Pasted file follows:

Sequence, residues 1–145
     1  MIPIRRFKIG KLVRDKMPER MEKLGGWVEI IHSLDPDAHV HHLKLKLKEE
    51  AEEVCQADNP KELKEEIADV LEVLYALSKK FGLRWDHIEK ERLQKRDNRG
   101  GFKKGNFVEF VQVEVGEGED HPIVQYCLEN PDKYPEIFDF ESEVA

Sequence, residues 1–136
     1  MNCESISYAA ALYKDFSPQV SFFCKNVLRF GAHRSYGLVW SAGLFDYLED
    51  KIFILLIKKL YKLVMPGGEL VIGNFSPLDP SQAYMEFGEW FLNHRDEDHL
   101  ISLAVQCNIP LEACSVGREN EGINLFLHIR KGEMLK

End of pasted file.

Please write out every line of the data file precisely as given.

Sequence, residues 1–145
     1  MIPIRRFKIG KLVRDKMPER MEKLGGWVEI IHSLDPDAHV HHLKLKLKEE
    51  AEEVCQADNP KELKEEIADV LEVLYALSKK FGLRWDHIEK ERLQKRDNRG
   101  GFKKGNFVEF VQVEVGEGED HPIVQYCLEN PDKYPEIFDF ESEVA

Sequence, residues 1–136
     1  MNCESISYAA ALYKDFSPQV SFFCKNVLRF GAHRSYGLVW SAGLFDYLED
    51  KIFILLIKKL YKLVMPGGEL VIGNFSPLDP SQAYMEFGEW FLNHRDEDHL
   101  ISLAVQCNIP LEACSVGREN EGINLFLHIR KGEMLK